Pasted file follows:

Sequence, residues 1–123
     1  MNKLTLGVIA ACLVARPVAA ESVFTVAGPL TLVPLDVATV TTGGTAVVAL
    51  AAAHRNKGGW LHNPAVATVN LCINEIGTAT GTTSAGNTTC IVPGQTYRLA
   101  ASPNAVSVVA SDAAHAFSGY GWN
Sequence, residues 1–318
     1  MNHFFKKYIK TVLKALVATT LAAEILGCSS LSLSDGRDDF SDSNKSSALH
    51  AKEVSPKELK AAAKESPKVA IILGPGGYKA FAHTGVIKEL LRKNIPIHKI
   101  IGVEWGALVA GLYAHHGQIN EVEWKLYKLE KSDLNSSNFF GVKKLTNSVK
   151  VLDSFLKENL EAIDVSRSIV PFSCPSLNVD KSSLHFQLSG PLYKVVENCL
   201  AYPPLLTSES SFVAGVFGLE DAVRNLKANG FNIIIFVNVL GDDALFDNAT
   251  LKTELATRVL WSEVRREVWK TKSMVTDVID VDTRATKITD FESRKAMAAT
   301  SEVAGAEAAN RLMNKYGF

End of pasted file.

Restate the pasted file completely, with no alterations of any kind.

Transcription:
Sequence, residues 1–123
     1  MNKLTLGVIA ACLVARPVAA ESVFTVAGPL TLVPLDVATV TTGGTAVVAL
    51  AAAHRNKGGW LHNPAVATVN LCINEIGTAT GTTSAGNTTC IVPGQTYRLA
   101  ASPNAVSVVA SDAAHAFSGY GWN
Sequence, residues 1–318
     1  MNHFFKKYIK TVLKALVATT LAAEILGCSS LSLSDGRDDF SDSNKSSALH
    51  AKEVSPKELK AAAKESPKVA IILGPGGYKA FAHTGVIKEL LRKNIPIHKI
   101  IGVEWGALVA GLYAHHGQIN EVEWKLYKLE KSDLNSSNFF GVKKLTNSVK
   151  VLDSFLKENL EAIDVSRSIV PFSCPSLNVD KSSLHFQLSG PLYKVVENCL
   201  AYPPLLTSES SFVAGVFGLE DAVRNLKANG FNIIIFVNVL GDDALFDNAT
   251  LKTELATRVL WSEVRREVWK TKSMVTDVID VDTRATKITD FESRKAMAAT
   301  SEVAGAEAAN RLMNKYGF